By Peg Brickley and Jacquie McNish
Athletic gear maker Performance Sports Group Ltd. is looking for a deal by the end of February for its business, which accounts for a big chunk of the market for hockey, baseball, lacrosse and roller hockey equipment.
Fairfax Financial Holdings Ltd. and Sagard Capital Partners have agreed to make a joint bid of more than $575 million, an offer that sets a floor price for a bankruptcy auction of the company.
Performance Sports filed for protection from its creditors Monday morning under chapter 11 in Wilmington, Del., and launched a similar court proceeding in Canada. Courts in Canada and the U.S. are expected to hold joint sessions to approve the sale of the business, court papers say.
The filings came not long after securities regulators in the U.S. and Canada began to ask questions about Performance Group's finances. The company launched an internal investigation after failing to file audited financial reports for the year ended May 31. Regulatory trouble tripped alarms with secured lenders, leading to talks that culminated in an agreement to sell the company.
Performance Sports is looking for bids by Jan. 4 and an auction on Jan. 9. The swift developments that pushed the company into bankruptcy meant there was little opportunity for a marketing process, court papers say. However, Performance Sports will be looking for better offers in the coming months.
The companies planning the joint bid also committed to providing Performance Sports with debtor-in-possession financing. Bankruptcy financing comes with strings attached: The buyers want to be able to use it as currency at the auction in a so-called credit bid, in which an auction competitor that is also a secured lender offers to extinguish debt as part of the purchase price.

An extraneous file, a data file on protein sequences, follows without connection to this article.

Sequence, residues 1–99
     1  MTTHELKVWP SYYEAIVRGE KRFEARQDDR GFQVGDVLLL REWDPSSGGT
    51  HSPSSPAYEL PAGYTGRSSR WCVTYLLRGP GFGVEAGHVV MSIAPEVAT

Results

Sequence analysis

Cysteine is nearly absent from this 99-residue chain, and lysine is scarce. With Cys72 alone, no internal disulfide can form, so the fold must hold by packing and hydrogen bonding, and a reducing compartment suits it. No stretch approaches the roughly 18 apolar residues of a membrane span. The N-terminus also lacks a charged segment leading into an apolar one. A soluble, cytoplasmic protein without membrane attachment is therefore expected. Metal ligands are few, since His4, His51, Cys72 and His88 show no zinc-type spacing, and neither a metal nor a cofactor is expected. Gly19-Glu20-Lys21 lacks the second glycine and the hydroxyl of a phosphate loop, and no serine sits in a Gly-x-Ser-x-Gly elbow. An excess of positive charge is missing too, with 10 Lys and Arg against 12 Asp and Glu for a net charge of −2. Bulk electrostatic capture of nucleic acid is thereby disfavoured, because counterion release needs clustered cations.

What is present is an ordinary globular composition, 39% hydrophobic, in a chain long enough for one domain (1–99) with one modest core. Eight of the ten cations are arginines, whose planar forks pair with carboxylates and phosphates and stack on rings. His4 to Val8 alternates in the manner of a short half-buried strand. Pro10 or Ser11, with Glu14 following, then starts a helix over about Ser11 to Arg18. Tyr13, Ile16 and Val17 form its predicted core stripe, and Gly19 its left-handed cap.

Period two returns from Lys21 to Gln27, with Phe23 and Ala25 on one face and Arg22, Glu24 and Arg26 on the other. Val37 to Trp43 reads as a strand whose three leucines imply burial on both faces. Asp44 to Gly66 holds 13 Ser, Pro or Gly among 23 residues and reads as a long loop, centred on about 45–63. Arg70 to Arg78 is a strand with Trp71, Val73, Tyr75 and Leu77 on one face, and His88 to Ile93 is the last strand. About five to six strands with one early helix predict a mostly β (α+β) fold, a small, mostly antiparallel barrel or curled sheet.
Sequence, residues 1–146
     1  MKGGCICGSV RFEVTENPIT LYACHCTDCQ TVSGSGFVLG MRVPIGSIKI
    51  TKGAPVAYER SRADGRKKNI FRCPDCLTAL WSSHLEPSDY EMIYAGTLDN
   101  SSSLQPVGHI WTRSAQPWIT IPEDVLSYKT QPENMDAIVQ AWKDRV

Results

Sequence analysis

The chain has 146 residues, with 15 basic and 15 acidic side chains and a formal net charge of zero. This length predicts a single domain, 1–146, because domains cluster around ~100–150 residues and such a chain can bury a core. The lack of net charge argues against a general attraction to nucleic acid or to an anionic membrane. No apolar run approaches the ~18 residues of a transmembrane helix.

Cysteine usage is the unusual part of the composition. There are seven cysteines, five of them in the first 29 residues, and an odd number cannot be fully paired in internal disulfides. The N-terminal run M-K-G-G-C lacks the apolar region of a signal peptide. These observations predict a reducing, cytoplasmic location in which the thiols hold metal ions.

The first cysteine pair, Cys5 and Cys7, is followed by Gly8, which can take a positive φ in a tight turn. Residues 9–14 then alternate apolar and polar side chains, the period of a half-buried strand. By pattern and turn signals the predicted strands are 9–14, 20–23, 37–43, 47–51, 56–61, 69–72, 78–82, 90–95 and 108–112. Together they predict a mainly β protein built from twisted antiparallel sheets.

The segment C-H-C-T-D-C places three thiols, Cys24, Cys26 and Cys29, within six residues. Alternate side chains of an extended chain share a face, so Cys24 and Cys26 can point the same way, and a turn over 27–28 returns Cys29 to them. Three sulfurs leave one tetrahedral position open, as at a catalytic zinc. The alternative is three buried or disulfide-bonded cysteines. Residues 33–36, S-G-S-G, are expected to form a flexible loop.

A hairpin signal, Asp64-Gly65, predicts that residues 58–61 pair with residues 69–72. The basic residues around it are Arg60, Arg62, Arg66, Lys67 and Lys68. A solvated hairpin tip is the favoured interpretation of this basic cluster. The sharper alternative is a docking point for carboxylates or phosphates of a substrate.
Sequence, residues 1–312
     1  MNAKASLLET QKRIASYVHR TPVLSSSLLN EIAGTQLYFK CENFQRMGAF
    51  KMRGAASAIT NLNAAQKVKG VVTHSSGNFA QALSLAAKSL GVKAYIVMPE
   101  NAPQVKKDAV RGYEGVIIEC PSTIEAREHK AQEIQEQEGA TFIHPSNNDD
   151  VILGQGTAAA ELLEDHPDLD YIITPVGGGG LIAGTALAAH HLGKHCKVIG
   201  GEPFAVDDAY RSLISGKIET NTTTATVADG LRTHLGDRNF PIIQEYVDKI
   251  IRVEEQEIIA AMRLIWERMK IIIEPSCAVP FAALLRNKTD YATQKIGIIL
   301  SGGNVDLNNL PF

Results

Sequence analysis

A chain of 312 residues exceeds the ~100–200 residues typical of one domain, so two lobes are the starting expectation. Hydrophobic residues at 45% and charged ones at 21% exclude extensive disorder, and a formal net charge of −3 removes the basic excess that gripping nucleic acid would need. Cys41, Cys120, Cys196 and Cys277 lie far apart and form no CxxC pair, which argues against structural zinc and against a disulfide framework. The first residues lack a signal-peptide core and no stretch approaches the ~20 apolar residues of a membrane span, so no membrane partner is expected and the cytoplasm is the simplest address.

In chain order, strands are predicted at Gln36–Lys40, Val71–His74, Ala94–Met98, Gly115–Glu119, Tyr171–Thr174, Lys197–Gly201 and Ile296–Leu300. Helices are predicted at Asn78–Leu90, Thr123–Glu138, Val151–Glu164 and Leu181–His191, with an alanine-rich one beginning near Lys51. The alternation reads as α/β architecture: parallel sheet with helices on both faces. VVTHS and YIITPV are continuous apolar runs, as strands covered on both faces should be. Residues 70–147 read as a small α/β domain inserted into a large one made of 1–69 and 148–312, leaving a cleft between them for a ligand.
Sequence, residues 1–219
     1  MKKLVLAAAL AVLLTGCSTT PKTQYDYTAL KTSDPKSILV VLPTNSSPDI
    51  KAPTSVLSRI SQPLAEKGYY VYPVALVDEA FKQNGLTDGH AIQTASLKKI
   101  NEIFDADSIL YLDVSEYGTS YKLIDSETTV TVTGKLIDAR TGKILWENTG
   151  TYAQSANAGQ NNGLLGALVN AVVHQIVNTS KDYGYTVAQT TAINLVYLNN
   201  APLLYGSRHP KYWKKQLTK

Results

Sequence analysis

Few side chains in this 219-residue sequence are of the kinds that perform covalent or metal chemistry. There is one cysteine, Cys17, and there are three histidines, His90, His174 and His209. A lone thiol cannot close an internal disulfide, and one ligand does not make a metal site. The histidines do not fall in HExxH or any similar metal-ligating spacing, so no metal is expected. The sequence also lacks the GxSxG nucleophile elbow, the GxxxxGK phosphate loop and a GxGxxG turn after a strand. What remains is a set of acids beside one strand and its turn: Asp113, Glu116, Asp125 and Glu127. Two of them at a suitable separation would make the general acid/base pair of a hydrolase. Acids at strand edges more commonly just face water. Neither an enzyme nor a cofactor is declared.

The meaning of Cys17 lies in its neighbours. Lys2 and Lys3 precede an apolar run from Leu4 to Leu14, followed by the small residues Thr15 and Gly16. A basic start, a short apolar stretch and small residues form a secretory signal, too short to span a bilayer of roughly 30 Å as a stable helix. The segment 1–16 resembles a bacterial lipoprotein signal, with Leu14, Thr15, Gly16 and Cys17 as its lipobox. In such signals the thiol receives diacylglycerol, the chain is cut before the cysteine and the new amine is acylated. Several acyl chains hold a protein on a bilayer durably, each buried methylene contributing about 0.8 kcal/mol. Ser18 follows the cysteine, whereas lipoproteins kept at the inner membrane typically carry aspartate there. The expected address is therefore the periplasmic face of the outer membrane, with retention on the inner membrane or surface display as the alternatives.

Bankruptcy financing also is coming from some existing lenders and is intended to assure suppliers and customers the business will continue, court papers say. Performance Sports is scheduled to go before a bankruptcy judge in the U.S. early Tuesday to outline its survival strategy.
The Exeter, N.H., company dominates segments of the North American sports market with such brands as Bauer hockey gear and Easton baseball equipment. Debt it took on to acquire Easton's baseball and softball business for $330 million was one factor that plunged Performance Sports into bankruptcy.
Another factor was the bankruptcy liquidation of Sports Authority Holdings Inc., a retailer that went out of business in chapter 11, leaving Performance Sports with a big unpaid bill.
Given the sizable opening offer from buyers committed to keeping its doors open, Performance Sports is projecting a happier ending for its own chapter 11 proceeding, court papers say.
Sale proceeds "will be well in excess of the company's outstanding secured indebtedness and are expected to provide meaningful recoveries to the company's remaining stakeholders," court papers say.
Performance Sports owes about $489.4 million on a secured basis, while suppliers and other trade vendors are owed an estimated $40 million, court papers say.
Lillian Rizzo contributed to this article
Write to Peg Brickley at email@example.com and Jacquie McNish at Jacquie.McNish@wsj.com
(END) Dow Jones Newswires
October 31, 2016 12:10 ET (16:10 GMT)
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